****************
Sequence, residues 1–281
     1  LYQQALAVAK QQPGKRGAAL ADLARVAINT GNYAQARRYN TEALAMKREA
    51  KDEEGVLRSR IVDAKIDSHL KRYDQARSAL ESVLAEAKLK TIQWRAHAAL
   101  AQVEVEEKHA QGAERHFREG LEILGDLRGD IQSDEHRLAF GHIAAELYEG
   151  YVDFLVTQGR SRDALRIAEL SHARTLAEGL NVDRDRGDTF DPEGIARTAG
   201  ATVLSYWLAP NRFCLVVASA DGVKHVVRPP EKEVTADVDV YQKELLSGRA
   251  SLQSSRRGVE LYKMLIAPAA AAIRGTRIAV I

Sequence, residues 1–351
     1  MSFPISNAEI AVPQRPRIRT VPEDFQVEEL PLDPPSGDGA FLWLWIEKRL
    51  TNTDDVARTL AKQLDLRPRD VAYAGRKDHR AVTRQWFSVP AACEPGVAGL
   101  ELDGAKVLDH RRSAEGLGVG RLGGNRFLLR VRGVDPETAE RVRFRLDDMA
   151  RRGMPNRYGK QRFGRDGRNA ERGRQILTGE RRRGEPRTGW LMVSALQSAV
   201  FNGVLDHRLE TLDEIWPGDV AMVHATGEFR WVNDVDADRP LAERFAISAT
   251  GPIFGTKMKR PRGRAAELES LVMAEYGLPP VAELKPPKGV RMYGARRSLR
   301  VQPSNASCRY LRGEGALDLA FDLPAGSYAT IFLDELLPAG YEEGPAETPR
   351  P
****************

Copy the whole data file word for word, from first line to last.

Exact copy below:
Sequence, residues 1–281
     1  LYQQALAVAK QQPGKRGAAL ADLARVAINT GNYAQARRYN TEALAMKREA
    51  KDEEGVLRSR IVDAKIDSHL KRYDQARSAL ESVLAEAKLK TIQWRAHAAL
   101  AQVEVEEKHA QGAERHFREG LEILGDLRGD IQSDEHRLAF GHIAAELYEG
   151  YVDFLVTQGR SRDALRIAEL SHARTLAEGL NVDRDRGDTF DPEGIARTAG
   201  ATVLSYWLAP NRFCLVVASA DGVKHVVRPP EKEVTADVDV YQKELLSGRA
   251  SLQSSRRGVE LYKMLIAPAA AAIRGTRIAV I

Sequence, residues 1–351
     1  MSFPISNAEI AVPQRPRIRT VPEDFQVEEL PLDPPSGDGA FLWLWIEKRL
    51  TNTDDVARTL AKQLDLRPRD VAYAGRKDHR AVTRQWFSVP AACEPGVAGL
   101  ELDGAKVLDH RRSAEGLGVG RLGGNRFLLR VRGVDPETAE RVRFRLDDMA
   151  RRGMPNRYGK QRFGRDGRNA ERGRQILTGE RRRGEPRTGW LMVSALQSAV
   201  FNGVLDHRLE TLDEIWPGDV AMVHATGEFR WVNDVDADRP LAERFAISAT
   251  GPIFGTKMKR PRGRAAELES LVMAEYGLPP VAELKPPKGV RMYGARRSLR
   301  VQPSNASCRY LRGEGALDLA FDLPAGSYAT IFLDELLPAG YEEGPAETPR
   351  P